It's 1913 and Cora Diehl, a teacher-in-training, has just arrived home for summer break. When no one comes to pick her up from the train station she knows something is amiss. She finally arrives home, thanks to a ride from a neighbor, only to find her mother crying over the collapsed form of her father.
It's not long before Cora's father suffers another stroke, this one far more serious. Shortly thereafter, Montana copper magnate Wallace Kensington arrives at the farm and makes an outrageous claim: that he, not Alan Diehl, is Cora's father. Mrs. Diehl quietly corroborates that when she was young she worked as a maid in Mr. and Mrs. Kensington's grand home. Shamefully, she admits to having engaged in an affair with Wallace Kensington and that Cora was a product of that affair. Cora is stunned to learn that Alan Diehl, who has loved her as his own her entire life, married her mother knowing she was pregnant with Kensington's child.
It's a lot to take in, to be sure, but Cora is even more shocked when her mother encourages her to take Mr. Kensington up on his generous offer of claiming the privileges of bearing his name. If she agrees, Alan Diehl could receive the medical help he needs — and Cora could be sure of funds to return to school in the fall. But accepting his offer also means the she would have to join Wallace Kensington's three legitimate children on a grand tour of Europe that will last the entire summer.
Life on their hardscrabble Montana farm has never been easy, but another drought and her father's ailing health can bode only ill for Cora's hoped-for return to school in the fall. Faced with an impossible choice, Cora accepts Wallace Kensington's offer and is swept away into a world of privilege and snobbery that she'd never imagined. As she struggles for a hint of acceptance from her half-siblings, she finds herself drawn to William McCabe, the assistant guide on their grand tour. But there are rules about romance on the tour and, although Will is as drawn to Cora as she is to him, allowing anyone to note his attraction to her could be disastrous. He knows funding his own return to university depends upon the success of this tour and that he must abide by all the rules, both express and implied, or risk delaying his hopes for the future indefinitely. It is an exquisite sort of torture, watching Cora blossom into the new role life has handed her and it is difficult for Will to keep his distance.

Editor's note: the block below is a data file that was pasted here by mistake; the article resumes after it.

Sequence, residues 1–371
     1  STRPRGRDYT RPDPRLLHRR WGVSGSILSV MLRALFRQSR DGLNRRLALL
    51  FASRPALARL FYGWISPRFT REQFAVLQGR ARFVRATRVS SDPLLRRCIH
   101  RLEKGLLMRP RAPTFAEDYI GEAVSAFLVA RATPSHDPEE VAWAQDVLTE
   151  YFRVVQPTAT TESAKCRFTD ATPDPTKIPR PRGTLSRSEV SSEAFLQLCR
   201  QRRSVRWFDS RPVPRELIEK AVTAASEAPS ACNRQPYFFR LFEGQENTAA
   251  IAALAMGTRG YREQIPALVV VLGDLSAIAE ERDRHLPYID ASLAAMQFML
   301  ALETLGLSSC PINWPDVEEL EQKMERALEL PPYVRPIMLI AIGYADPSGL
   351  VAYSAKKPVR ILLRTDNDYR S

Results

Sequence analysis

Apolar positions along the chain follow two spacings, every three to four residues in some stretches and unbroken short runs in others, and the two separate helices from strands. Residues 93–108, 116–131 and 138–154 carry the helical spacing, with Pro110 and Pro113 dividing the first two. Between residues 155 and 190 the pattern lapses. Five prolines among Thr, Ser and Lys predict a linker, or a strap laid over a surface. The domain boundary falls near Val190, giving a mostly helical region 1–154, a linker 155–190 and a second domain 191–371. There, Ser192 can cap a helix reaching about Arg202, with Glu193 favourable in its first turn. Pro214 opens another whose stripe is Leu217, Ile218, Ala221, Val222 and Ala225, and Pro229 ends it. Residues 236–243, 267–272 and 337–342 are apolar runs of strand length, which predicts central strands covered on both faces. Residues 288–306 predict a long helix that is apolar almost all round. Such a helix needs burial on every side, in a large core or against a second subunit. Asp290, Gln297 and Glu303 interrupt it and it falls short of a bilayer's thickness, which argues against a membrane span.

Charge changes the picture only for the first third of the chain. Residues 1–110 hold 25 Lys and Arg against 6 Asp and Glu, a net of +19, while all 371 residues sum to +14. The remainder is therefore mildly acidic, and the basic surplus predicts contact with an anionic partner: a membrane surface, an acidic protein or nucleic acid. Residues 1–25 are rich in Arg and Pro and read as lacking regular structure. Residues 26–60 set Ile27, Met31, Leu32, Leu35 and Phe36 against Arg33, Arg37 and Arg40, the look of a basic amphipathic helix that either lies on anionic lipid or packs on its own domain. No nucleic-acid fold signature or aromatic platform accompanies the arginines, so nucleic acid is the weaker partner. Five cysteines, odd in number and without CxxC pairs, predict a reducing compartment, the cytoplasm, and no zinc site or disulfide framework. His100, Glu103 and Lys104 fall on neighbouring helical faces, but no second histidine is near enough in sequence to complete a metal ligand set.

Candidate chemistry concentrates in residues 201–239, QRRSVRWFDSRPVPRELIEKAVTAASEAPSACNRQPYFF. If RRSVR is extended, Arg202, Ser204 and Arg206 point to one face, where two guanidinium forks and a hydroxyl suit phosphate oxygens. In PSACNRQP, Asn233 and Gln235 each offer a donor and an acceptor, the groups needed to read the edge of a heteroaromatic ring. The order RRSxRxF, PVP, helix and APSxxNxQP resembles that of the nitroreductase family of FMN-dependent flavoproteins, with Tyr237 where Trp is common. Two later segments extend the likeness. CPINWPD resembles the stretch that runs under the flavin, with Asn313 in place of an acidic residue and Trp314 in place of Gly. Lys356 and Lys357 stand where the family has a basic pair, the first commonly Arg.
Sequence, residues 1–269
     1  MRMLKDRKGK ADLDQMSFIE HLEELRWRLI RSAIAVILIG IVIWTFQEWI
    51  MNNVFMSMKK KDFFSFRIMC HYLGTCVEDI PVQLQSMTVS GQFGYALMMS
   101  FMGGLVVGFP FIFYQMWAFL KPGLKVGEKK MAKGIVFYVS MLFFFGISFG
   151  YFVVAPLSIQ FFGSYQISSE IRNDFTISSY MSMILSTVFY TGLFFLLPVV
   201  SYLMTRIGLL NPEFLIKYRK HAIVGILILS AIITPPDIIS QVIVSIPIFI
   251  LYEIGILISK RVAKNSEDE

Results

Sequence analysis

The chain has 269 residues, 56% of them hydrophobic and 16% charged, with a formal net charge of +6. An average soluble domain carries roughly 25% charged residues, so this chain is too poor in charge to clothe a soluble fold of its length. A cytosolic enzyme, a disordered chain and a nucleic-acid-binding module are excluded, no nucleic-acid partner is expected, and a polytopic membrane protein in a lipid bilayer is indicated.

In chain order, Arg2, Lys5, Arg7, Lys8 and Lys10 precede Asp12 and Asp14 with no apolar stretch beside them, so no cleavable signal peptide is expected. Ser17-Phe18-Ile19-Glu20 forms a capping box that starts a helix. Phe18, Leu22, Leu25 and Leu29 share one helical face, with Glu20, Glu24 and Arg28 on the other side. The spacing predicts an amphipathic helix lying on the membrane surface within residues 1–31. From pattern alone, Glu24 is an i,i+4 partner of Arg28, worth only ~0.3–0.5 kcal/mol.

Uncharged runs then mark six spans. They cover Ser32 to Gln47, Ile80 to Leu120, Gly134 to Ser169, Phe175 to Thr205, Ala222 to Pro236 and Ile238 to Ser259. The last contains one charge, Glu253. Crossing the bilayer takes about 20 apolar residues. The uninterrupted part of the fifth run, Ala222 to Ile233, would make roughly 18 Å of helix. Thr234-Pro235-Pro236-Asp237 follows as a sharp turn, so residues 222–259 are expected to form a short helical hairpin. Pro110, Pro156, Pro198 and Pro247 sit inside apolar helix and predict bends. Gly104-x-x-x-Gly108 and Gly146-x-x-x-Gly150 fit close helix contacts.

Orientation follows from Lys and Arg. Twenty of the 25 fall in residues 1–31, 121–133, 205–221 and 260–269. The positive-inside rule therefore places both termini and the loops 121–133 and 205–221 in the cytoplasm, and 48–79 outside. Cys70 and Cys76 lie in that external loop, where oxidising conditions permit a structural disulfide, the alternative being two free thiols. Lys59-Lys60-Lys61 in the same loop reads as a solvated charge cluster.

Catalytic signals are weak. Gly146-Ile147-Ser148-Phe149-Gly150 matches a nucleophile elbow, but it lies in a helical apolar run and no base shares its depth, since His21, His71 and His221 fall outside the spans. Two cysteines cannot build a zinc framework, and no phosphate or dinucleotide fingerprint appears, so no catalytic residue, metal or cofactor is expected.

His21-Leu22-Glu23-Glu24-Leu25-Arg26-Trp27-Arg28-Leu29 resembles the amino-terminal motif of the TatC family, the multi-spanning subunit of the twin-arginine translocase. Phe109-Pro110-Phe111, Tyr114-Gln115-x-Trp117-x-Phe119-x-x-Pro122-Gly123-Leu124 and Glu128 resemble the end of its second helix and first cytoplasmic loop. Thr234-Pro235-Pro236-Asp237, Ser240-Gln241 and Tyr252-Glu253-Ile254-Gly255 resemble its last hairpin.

As she travels through continents, parlors and ballrooms, Cora Diehl Kensington maneuvers in and out of her party's graces, but finds herself firmly ensconced in the affections of a powerful French nobleman. But until she is able to accept who she is and where she's come from, Cora can't hope to find a measure of peace or be able to decide which of the two men she's drawn to will be the one who will hold her heart.
Glamorous Illusions is the first book of Lisa T. Bergren's new series, The Grand Tour. Setting the glamour of new American wealth against the backdrop of old-world European decadence, Bergren has outdone herself in evoking the romance of life among the pre-WWI privileged classes. As Cora moves from farm to mansion to ship to palace, the reader is gifted with a vivid sense of place, with each setting held to the next by the wonder of Cora's experience and Will's corresponding (and slightly jaded) knowledge of the same. Whether the characters indulge in the muted, sunshiny sweetness of the outdoors or the enchanted richness of a drawing room soiree, Bergren's deft prose brings to mind scenes from period films such as Somewhere in Time, Titanic and Tuck Everlasting.
Although Cora is drawn to Will, the subsequent tepidity of his affection opens her up to acknowledge attention from others. When wealthy Lord Richelieu singles her out, Cora is both vulnerable and curious enough to enjoy his favor. Although Bergren's description of this handsome (and surprisingly thoughtful) French nobleman is certainly alluring, his formal name couldn't help but bring to mind a certain nefarious cardinal made famous by Alexandre Dumas and, due to that unavoidable reference, I much preferred when Cora referred to him by his given name, Pierre. There are two more books in the series and, while I doubt Lord Richelieu will ever completely go over to the dark side, I do so love a good love triangle, and I look forward to Pierre being the biggest obstacle (after Will himself) to Will finding his place within Cora's heart and the Kensingtons' world.
Set just one year after the Titanic disaster, Glamorous Illusions is a lovely beginning to a series that transports readers to another time where they, along with Cora, can ponder the intricacies of family identity, the mystery of romance and the beauty of all the world has to offer on The Grand Tour.
(This review originally appeared at USA Today's romance fiction blog, Happy Ever After)